Resisting the pull of cynicism since 1969.

Monday, January 16, 2006

Strategic voting: now with 100% more strategy

This morning's Globe and Mail brings us this rather unpleasant little headline: Tories enter home stretch just shy of majority: poll. If that doesn't make you nervous, then it should, and regardless of your party affiliations. Why? Because Canada needs a minority government right now. A minority government would give the Conservatives the voice they've earned in this election, but without silencing all the other voices as well. In a time of change, that sort of incremental movement is crucial--even Stephen Harper recognizes that. Not to mention the fact that another minority government may well be the one chance Canadians get for any progress toward much-needed changes like electoral reform.

So what's the solution? Indiscriminate panic among left-wing voters, causing the same irrational, bad-strategy "strategic voting" for the Liberals that we saw in 2004? Of course not. But Greg Morrow--a Canadian expat-in-the-U.S. and an urban planning scholar who runs the voting information site Democratic Space from his Los Angeles home--offers an alternate possibility. He's been crunching polling numbers for the benefit of political geeks everywhere since the very beginning of this election, and he's come to a rather interesting conclusion: in a very small number of ridings, NDP supporters have a decision to make. Morrow has isolated 35 ridings where strategic voting for the Liberals by NDP supporters could easily make the difference between a Conservative majority government and a Conservative minority government. This means that in almost all ridings, NDP supporters can safely vote their consciences--it's only the ones in those 35 ridings that could have an effect by voting strategically Liberal.

Some of my fellow NDP supporters will undoubtedly brand Morrow a heretic for this kind of statement (not to mention branding me a traitor for this post). But consider this: it's not just in Canada's best interest to follow Morrow's advice, it's also in the NDP's best interest. If all the NDP supporters in those 35 ridings where it could make a difference vote NDP, the Conservatives won't need the NDP's help to govern, and the party will be shut out entirely. If, on the other hand, the NDP holds its collective nose in those 35 ridings and votes Liberal, the NDP sacrifices a mere .2% of their vote total, and in return they gain a real seat at the bargaining table.

We can't prevent a Conservative government at this point, so even if you think doing that would be desirable, you shouldn't be trying. What the people in those 35 ridings can do, though, is make the difference between a Conservative government with near-dictatorial levels of power and one that needs the support of more moderate parties to turn its agenda into law. I'd prefer the latter, myself. Wouldn't you?


Anonymous said...

It cuts two ways. Yes, there are 35 ridings where democratic space recommends NDP supporters vote Liberal.

It also recommends 12 ridings where Liberal supporters should vote NDP.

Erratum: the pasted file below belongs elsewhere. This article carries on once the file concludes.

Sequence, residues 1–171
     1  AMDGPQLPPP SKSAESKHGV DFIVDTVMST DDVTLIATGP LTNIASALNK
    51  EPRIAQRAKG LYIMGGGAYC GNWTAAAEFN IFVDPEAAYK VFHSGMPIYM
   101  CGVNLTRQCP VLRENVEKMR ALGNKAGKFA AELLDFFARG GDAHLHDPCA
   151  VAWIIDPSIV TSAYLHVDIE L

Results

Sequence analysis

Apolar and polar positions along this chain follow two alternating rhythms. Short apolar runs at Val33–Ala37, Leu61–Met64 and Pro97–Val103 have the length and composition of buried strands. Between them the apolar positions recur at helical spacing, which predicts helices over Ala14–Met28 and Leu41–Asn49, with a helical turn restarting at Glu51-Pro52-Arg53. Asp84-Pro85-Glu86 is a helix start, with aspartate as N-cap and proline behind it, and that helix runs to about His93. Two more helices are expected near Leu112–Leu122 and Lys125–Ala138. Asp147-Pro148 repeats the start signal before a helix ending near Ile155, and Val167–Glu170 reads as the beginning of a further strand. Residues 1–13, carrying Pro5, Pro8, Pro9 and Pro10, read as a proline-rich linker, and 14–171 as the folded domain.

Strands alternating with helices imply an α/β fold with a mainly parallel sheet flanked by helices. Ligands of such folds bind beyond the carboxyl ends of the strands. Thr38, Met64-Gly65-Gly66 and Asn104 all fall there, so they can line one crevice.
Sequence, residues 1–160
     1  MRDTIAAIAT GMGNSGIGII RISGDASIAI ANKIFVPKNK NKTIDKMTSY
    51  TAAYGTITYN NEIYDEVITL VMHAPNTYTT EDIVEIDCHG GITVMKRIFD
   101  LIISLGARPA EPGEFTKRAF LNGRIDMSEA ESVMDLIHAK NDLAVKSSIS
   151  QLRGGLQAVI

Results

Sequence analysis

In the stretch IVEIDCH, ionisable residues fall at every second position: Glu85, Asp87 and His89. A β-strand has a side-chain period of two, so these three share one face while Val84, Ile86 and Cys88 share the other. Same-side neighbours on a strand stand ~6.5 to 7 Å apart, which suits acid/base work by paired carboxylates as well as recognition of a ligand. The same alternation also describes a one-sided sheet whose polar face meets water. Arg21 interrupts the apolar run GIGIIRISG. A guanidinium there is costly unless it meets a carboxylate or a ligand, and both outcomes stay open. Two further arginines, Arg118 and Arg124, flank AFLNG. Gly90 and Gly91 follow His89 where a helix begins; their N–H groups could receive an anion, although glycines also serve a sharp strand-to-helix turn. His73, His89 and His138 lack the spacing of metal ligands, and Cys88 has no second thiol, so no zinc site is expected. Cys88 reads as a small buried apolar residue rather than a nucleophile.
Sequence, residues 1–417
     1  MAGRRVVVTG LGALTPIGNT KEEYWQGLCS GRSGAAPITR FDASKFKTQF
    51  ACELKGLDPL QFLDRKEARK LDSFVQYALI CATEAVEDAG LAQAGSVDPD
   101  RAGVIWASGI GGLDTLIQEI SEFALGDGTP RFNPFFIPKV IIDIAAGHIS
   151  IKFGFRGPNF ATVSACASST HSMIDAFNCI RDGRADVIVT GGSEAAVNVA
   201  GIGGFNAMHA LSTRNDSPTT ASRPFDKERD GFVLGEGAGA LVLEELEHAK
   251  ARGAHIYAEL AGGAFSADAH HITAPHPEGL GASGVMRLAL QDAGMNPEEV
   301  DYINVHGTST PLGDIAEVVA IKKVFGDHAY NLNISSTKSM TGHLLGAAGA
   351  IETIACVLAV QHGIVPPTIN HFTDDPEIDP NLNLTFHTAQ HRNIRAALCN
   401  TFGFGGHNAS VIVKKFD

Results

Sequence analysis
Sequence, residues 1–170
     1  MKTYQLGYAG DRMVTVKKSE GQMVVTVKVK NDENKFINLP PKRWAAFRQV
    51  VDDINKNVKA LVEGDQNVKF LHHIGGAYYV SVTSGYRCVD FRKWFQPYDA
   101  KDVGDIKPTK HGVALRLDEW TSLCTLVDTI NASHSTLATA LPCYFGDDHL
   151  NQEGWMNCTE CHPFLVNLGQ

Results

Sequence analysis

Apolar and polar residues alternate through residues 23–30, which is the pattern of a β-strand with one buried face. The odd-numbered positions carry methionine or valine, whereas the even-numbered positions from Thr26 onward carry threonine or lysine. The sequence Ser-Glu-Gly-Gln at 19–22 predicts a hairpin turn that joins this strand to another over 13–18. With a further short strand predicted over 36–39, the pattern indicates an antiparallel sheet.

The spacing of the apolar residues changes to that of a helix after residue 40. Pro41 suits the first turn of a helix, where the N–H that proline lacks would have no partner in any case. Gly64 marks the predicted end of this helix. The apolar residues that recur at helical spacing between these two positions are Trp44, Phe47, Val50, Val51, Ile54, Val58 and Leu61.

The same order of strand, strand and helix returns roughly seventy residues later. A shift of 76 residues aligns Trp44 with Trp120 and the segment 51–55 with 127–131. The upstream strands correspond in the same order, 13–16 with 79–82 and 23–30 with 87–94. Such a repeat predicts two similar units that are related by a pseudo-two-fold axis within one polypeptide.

Where is your appeal to Liberals in these ridings to vote strategic.

This is why NDPers are so leary of these arguments. They are almost always made by Liberal supporters who fail to live by the same rules they apply to everyone else.

Idealistic Pragmatist said...


It's simple--the "NDP voters should vote strategically" meme is already out there. We're not going to counter it by saying "no, that's wrong you should vote for the party you like." It's simply not going to work. However, countering it with logic and saying "most NDP supporters don't have to vote strategically Liberal--it's only 35 ridings where it might make a difference" ... that might actually take. What it comes down to is that people don't want to vote strategically, and the number of people Morrow's guide is reassuring that they don't have to do so is far larger than the number of people it's pushing in that direction.

Mind you, I also think Morrow's argument that Liberal supporters should vote strategically for the NDP where that makes logical sense is also sound. But that's going to be a much bigger battle, and probably not enough to make the difference between a majority and a minority government. Which is what this post is about.

Greg said...

Me I am sticking with the NDP. Messing about with strategic voting has been tried and it just doesn't work.

Idealistic Pragmatist said...


Oh, don't get me wrong, I'm sticking with the NDP as well. It helps, though, that my riding isn't one of the 35, and that the NDP candidate in Edmonton-Strathcona is clearly the most qualified of the three.

Greg said...

I know you are hanging in there IP. :)
Have hope. I think Jack's message is getting through.

O.I.M said...

We don't want a Tory majority, but too many Liberal seats could cost the NDP the balance of power. Vote NDP. Period.

Let the Fiberals take care of themselves.

Red Jenny said...

Strategic voting is an unfortunate necessity in this farce of democracy we live in. In my riding, for example, the Liberal incumbent is a shoe-in, so I'll be voting Green. At least there my vote isn't totally thrown away. It will be worth $1.75 in campaign funding for next election. If I voted NDP it would be the same as throwing my vote away, because the NDP candidate has no hope in heck in my riding.

O.I.M said...

Um, what the @#$%$#@???

You'll be voting GREEN because the NDP doesn't have a chance? Go ahead, if you like the Greens, but don't call that strategic.